HONOLULU (Reuters) - Secretary of State Hillary Clinton demanded on Friday that Iran respond within days to a U.N. nuclear watchdog’s accusations of atomic weapons work, and said Washington was consulting allies on further steps to pressure Tehran.
Clinton, speaking at an Asia-Pacific summit in Honolulu, made clear that the United States was seeking to marshal international support for additional sanctions against Iran, but stopped short of specifying actions under consideration.
Her comments followed a report from the International Atomic Energy Agency earlier this week that concluded that Iran had worked on developing an atomic bomb design and may still be conducting such research.
U.S. President Barack Obama was expected to seek a united front against Iran when he meets world leaders, including Russian President Dmitry Medvedev and Chinese President Hu Jintao, on the sidelines of the Asia-Pacific Economic Cooperation summit this weekend.
But Russia and China have said they do not support new sanctions, limiting the chances of pushing through another package of U.N. Security Council measures against Tehran over its nuclear program.
Clinton, speaking to reporters after talks with her counterparts at the APEC meeting, said, “We discussed the recent report raising serious concerns about the weapons-related work the Iranian government has undertaken.”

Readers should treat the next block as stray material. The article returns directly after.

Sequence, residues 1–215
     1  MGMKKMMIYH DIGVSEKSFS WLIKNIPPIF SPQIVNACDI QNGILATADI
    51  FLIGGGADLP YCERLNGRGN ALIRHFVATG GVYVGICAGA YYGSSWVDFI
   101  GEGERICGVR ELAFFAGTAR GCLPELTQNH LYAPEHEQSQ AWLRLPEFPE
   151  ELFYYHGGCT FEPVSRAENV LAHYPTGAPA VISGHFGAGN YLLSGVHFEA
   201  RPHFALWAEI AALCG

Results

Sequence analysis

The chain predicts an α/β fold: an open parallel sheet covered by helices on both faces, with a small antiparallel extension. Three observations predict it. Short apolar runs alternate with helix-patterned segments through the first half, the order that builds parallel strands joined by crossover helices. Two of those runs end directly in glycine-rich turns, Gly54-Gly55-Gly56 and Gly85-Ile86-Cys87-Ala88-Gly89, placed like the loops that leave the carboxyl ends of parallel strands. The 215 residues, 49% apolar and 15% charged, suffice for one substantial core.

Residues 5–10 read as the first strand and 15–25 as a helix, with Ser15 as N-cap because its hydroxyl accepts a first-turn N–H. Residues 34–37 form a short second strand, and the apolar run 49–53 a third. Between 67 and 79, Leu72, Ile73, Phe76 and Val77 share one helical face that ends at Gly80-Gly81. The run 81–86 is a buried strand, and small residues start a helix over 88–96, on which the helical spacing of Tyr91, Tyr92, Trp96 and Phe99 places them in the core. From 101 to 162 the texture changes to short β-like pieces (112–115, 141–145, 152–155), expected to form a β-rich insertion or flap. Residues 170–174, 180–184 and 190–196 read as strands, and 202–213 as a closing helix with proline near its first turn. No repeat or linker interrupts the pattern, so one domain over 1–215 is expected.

“Iran has a long history of deception and denial regarding its nuclear program, and in the coming days we expect Iran to answer the serious questions raised by this report,” she said.
Clinton said the United States “will continue to consult closely with partners and allies on the next steps we can take to increase pressure on Iran.”
Iran, which denies it wants nuclear weapons, condemned the findings of the Vienna-based IAEA as “unbalanced” and “politically motivated” but has yet to offer detailed answers to the agency’s allegations.
The IAEA report, and Iran’s continued enrichment of uranium that could be used in nuclear weapons, have fueled speculation about the chances of a unilateral Israeli strike on Iran’s nuclear sites.
U.S. officials say punitive measures in place against Iran have done severe damage to its economy, and increased fractures among Iran’s elite. Iranian President Mahmoud Ahmadinejad acknowledged earlier this month that the sanctions had harmed Iran’s banking sector.
But Tehran has shown no sign of buckling to U.S.-led international demands that it halt uranium enrichment and explain its nuclear work.
Washington may impose more sanctions on Iran, possibly on commercial banks or front companies, but is unlikely to take further steps against its oil and gas industry or go after Iran’s central bank for now, a U.S. official said earlier this week.
(Editing by Warren Strobel and Paul Simao)
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